Google Voice (free). For students on a limited budget, free calling and texting with Google Voice is a godsend. There are also multiple tutorials available online to set-up free Wi-fi calling/texting with Google Voice on your smartphone.

iTunes (free). I personally loathe iTunes and I really hate to admit it, but iTunes is great to have on a college campus. The reason: virtually every student will have iTunes installed on their computers to sync their music libraries with their iDevices. With iTunes, you can listen to other people's music libraries and there will be plenty to choose from.

GeniusScan (free for iOS, $0.99 for Android, $1.49 for Windows Phone). This app turns your phone's camera into a document scanner. Its a great tool for sharing notes or creating digital backups of them. There are countless other apps that serve the same purpose, but GeniusScan was my favorite.

4. Other tidbits of wisdom from the IT dept.
    External hard drives are always a good idea.

    Have on hand USB drives (and lots of them). They're still the easiest ways to share files and are invaluable whenever **** hits the fan. Just be prepared to lose several of them.

    The IT dept. doesn't monitor what you are doing, just how much data in/out per user. We will throttle you if you're downloading/uploading a lot ("a lot" varies on the university). We will throttle p2p traffic regardless of the amount of traffic.

    Campuses nationwide in the US are beginning to throttle Netflix and Hulu traffic. Consider upping your Netflix subscription with the mail in discs.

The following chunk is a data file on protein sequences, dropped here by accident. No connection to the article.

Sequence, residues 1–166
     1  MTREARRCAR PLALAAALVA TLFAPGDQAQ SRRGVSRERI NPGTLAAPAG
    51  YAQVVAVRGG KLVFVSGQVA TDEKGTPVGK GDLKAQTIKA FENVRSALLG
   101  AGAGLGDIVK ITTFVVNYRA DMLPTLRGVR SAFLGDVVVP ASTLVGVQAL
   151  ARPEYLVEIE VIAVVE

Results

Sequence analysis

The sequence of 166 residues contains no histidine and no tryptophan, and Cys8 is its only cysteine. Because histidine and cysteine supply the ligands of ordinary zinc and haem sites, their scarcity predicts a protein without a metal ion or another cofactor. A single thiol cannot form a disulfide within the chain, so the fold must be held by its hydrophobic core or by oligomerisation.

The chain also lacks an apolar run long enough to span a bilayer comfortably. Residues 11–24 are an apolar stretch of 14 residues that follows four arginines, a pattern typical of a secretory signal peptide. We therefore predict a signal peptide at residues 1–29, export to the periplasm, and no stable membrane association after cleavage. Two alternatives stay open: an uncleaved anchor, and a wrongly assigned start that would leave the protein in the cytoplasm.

You don't need to buy a printer. Printing on-campus is much cheaper than buying ink. If you really want to buy a printer, I recommend purchasing a Brother monochrome laser printer. They cost ~$100 new, the starter toner will last you ~2000 pages (at least), and replacement toner will cost you much less than ink in the long run. Whatever you do, don't purchase a wireless printer if you live on campus.

    If you live on campus don't purchase a wireless router (unless officially told otherwise).

    Check with your university's IT department about available software discounts.

    If you can't afford a new laptop, remember the university will have computer labs available to use.

    Most important, Murphy's Law is in full effect the day your paper is due.


P.S. Linux user living on campus: Just don't bother with Linux as your primary operating system if you don't know what you're doing. If you need to learn please start with live discs, virtual machines, or vhds. The first line of IT support on campus will have little to no experience with Linux and will not be able to assist you. What always happens after this: one of the IT managers contacts the student to walk them through the appropriate fix via bash. The student gets confused, gives up, then verbally "bashes" the IT department for being useless. The whole ordeal is frustrating for all parties involved, so just don't do it.





edit on 8/21/2012 by Lysis because: (no reason given)




posted on Aug, 21 2012 @ 07:47 PM
link   
Congratulations on a first rate , well thought out and informative post. I'm sure many people here will find this very useful.

S&F


..and welcome to the Computers Help forum



edit on 21-8-2012 by PhoenixOD because: (no reason given)



posted on Aug, 21 2012 @ 07:50 PM
link   
reply to post by Lysis
 


Now if only I could find a wacom intuos 4 or 5 large for under $350 bucks...



posted on Aug, 23 2012 @ 02:29 AM
link   
Thanks for the help




top topics
 
3

log in

join